[3] Orient News, “قائد جبهة النصرة ابو محمد الجولاني يعلن رسميا فك الارتباط مع تنظيم القاعدة واقامة كيان جديد (Leader of Nusra Front Abu Mohammad Al-Jaulani Officially Declares Breaking Ties with Al-Qaeda Organization and Establishing a New Entity),” YouTube, July 28, 2016, 2:33-2:50. (https://www.youtube.com/watch?v=oossAtDYbrs&feature=youtu.be&t=2m33s)

[4] Miriam Karouny, “Insight - Syria's Nusra Front may leave Qaeda to form new entity,” Reuters, March 4, 2015. (http://uk.reuters.com/article/uk-mideast-crisis-nusra-insight-idUKKBN0M00G620150304); Tom Finn, “Qatar's channel to militants possibly dangerous, possibly useful,” Reuters, December 18, 2015. (http://www.reuters.com/article/us-mideast-crisis-syria-qatar-idUSKBN0U11O220151218)

[5] Ibid.; Lisa Barrington and Suleiman al-Khalidi, “Al Qaeda tells Syrian branch Nusra Front it can drop links,” Reuters, July 28, 2016. (http://www.reuters.com/article/us-mideast-crisis-syria-nusra-front-idUSKCN10819R); Raja Abdulrahim, “Nusra Front Says It Has Severed Ties With al Qaeda,” Wall Street Journal, July 28, 2016. (http://www.wsj.com/articles/leading-syrian-rebel-group-severs-al-qaeda-ties-1469727676)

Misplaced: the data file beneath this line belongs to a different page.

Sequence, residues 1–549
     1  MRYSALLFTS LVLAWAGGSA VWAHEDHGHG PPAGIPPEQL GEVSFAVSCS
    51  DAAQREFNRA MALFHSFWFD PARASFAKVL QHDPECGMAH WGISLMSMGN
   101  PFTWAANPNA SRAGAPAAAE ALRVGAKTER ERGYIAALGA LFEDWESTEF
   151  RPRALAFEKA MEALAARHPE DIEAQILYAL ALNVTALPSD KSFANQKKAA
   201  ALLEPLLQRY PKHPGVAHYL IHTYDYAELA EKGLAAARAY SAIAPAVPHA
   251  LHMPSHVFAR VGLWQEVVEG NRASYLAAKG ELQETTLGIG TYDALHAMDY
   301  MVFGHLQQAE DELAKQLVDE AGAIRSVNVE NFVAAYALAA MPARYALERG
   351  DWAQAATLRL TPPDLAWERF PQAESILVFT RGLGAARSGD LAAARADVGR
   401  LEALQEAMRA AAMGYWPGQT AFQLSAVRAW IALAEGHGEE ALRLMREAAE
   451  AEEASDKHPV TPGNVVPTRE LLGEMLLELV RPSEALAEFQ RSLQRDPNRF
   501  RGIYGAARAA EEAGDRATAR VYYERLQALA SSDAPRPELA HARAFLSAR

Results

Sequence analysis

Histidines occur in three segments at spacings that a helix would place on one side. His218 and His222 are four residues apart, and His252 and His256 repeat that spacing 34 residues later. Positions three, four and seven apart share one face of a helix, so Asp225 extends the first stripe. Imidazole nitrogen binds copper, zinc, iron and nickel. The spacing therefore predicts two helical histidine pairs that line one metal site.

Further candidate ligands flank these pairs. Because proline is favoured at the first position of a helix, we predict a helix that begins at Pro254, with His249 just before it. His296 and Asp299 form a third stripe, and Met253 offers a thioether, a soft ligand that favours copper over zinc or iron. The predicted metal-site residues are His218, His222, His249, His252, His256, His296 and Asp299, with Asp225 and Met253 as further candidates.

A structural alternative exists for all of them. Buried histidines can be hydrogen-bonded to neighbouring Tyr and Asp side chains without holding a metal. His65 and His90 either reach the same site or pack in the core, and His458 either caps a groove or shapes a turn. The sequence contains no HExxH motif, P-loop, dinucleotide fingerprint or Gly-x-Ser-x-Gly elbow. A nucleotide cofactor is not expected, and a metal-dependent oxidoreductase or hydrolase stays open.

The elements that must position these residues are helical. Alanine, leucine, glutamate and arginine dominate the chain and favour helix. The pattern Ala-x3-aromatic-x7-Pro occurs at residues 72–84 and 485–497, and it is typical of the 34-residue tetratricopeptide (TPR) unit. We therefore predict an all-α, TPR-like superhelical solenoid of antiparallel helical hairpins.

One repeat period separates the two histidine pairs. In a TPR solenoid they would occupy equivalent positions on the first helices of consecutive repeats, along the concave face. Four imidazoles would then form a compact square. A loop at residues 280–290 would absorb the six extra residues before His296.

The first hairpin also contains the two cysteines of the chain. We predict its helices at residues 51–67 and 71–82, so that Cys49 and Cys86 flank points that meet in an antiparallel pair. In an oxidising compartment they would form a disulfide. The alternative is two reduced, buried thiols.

[6] Colin P. Clarke and Barak Mendelsohn, “Commentary: Al Qaeda’s ruthless pragmatism makes it more dangerous than Islamic State,” Reuters, October 27, 2016. (http://www.reuters.com/article/us-mideast-counterterrorism-commentary-idUSKCN12R0AL)

[7] David Andrew Weinberg, “Qatar and Terror Finance – Part 1: Negligence,” FDD’s Center on Sanctions and Illicit Finance, December 2014. (http://www.defenddemocracy.org/content/uploads/publications/Qatar_Part_I.pdf)

[8] U.S. Department of State, “Jeddah Communique,” September 11, 2014. (http://www.state.gov/r/pa/prs/ps/2014/09/231496.htm)

9 Daniel S. Glaser speaking The Washington Institute on October 12, 2016. Washington Institute, “The Evolution of Terrorist Financing: Disrupting the Islamic State,” YouTube, October 25, 2016, 41:35-41:50. (https://www.youtube.com/watch?v=eHzYH0IIq-8&feature=youtu.be&t=41m35s)

[10] Adam Szubin, “The Johns Hopkins University Paul. H. Nitze School of Advanced International Studies Holds a Discussion on Combating Terrorist Financing,” October 20, 2016. (Transcript provided by CQ Transcripts, accessed via Nexis).

 

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al-qaeda, qatar, syria, terror-finance